If you’re over the age of 65 in the U.S., you no doubt know about Medicare. Medicare has two options: a single-payer traditional plan and a network plan called Medicare Advantage. Medicare Part A covers hospitals, Medicare Part B covers out-patient visits, and Medicare Part D covers drugs. Coverage is not completely free (even after a lifetime of taxes) — in general Medicare covers about half of costs for enrollees. Some of the excluded things we’ve grown to expect not to be covered, like dental, vision, and so on. Additionally, Medicaid will eventually kick in for long-term-care costs once an older person has drawn down enough wealth.

Medicaid is another government provided health insurance program. For the most part, Medicaid covers two groups: the poor elderly living in nursing homes and the disabled make up two-thirds of the costs of these rolls, and the remaining one-third consists of pregnant women and their children. The State Children’s Health Insurance Program, or CHIP, is related to Medicaid and specifically targets children. CHIP generally has higher income limits for eligibility than Medicaid does, and has been allowed to expand under the ACA. Medicaid and CHIP programs differ by state. Medicaid is often referred to as the “best insurance you can’t buy” — it has very low out-of-pocket expenses and covers a lot of things. The drawback is that its reimbursement rates tend to be low so it can be difficult to find a physician who will take it.

If you have been denied coverage, or your potential coverage is prohibitively expensive, many states offer high-risk pools. These plans vary quite a bit by state, so contact your local state pool to find out about eligibility and other criteria. Additionally, under the ACA, there are new pre-existing condition insurance plans. You qualify for these plans if you have been denied health insurance over a pre-existing condition and you have been without health insurance for at least six months.

If you are a veteran and meet an income means test or have a service-related disability (and diabetes may qualify as a service-related disability if you served in Vietnam), then you may qualify for VA benefits. VA runs its own system of hospitals and clinics, so you get care at these specific government facilities.

Non-Insurance Options

Non-insurance options can provide limited health care. There may be a non-profit health clinic in your area — our local non-profit is called Health4All — that provides free or reduced out-patient care. Drug stores, local hospitals and HMOs, and even Walmart, may offer walk-in clinics in your area for things like vaccines and blood-pressure tests. Some even offer a nurse practitioner or general physician to check out your cough or rash or pink-eye.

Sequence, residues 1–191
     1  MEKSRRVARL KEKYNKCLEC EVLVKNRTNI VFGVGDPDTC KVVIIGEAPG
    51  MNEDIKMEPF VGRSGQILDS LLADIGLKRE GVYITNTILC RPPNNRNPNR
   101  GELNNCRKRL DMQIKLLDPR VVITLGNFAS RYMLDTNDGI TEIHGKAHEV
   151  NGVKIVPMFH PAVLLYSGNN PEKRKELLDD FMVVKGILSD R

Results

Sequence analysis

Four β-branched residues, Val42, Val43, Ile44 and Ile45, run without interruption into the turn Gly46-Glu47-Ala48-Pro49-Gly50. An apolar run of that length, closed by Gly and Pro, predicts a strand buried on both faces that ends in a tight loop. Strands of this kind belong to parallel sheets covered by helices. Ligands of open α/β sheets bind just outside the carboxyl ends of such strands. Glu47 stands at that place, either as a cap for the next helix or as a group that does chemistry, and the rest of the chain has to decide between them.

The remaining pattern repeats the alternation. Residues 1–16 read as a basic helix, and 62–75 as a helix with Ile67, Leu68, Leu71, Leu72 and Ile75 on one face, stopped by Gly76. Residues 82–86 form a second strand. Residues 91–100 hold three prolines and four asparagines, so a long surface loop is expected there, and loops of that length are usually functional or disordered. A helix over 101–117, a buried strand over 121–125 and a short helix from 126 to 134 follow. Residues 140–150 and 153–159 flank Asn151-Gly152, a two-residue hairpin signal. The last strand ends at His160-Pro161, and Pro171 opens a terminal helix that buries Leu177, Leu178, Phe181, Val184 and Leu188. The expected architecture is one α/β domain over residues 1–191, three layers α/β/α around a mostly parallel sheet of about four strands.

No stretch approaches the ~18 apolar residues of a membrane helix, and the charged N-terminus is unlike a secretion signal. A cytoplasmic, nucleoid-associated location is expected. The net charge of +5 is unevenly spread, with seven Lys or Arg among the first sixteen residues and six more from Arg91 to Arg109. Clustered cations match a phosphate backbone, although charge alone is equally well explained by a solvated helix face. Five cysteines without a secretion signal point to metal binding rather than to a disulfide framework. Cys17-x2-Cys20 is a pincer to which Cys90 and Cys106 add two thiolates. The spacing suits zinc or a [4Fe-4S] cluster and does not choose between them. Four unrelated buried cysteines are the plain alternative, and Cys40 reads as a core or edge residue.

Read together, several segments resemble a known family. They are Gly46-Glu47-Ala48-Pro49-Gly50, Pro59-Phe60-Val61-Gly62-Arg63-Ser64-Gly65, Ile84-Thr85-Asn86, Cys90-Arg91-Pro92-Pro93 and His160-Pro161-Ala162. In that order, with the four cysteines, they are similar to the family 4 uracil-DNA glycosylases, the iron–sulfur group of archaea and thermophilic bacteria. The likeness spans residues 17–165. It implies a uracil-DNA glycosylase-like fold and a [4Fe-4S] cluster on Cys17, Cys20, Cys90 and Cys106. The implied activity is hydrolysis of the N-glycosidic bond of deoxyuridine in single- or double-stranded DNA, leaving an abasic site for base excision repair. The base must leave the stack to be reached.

Self-care may keep you out of the doctor’s office, though obviously it is not much help if you get hit by a bus or have a heart attack. GRS has addressed how to save money on prescriptions, survival techniques for the barely insured, and preparing to get sick.

Finally, if you have emergency medical care needs and can’t pay your bills, there’s always bankruptcy. Not an option we want to consider, but health costs are a leading cause of bankruptcy for good reason.

Are there any self-employment health insurance options that I’ve missed? If you’re self-employed, where do you get health insurance? What are the pros and cons to the type of insurance you chose?

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There are 42 comments to "Health insurance options for the self-employed".

  1. Tom Murin says 10 November 2012 at 05:38

    I didn’t realize that a married child could remain covered under the parents’ policy. So much for the concept of emancipation.

    Otherwise, I think it should be noted that Medicare is a Federal program and Medicaid is State run program (but I am fuzzy on the federal involvement as to rule making, eligibility, etc.)

  2. Joanna Lahey says 10 November 2012 at 06:16

    The views herein are mine alone and do not necessarily reflect those of Texas A&M or NBER.

  3. Steve says 10 November 2012 at 07:02

    Nice write-up, but you seem to have glossed over the part about health-care being a service someone has to be ‘hired’ to provide. If you do not qualify for an insurance plan then you are responsible for your health-care yourself. All insurance plans do is transfer the risk (for a cost – usually monthly) from you to the insurance company. Someone still has to pay the provider when you utilize their services. A high-deductible policy with an HSA is a very cost-effective route for people who aren’t part of a ‘pool’ that the insurance companies recognize. For the insurance companies it’s all about reducing their risk (cost). As a country, we are on the verge of finding out just how expensive all of these government programs really are…

    • Joanna Lahey says 10 November 2012 at 07:53

      You might be interested in the first and the last (next week’s) posts in this series.

    • Bill in NC says 11 November 2012 at 18:31

      The high-deductible policies are attractive.

      But you still have to medically qualify for them – e.g. exceed height/weight limits and you’re only offered the state high-risk pool (can easily be over $1000/month)

  4. Carol says 10 November 2012 at 09:59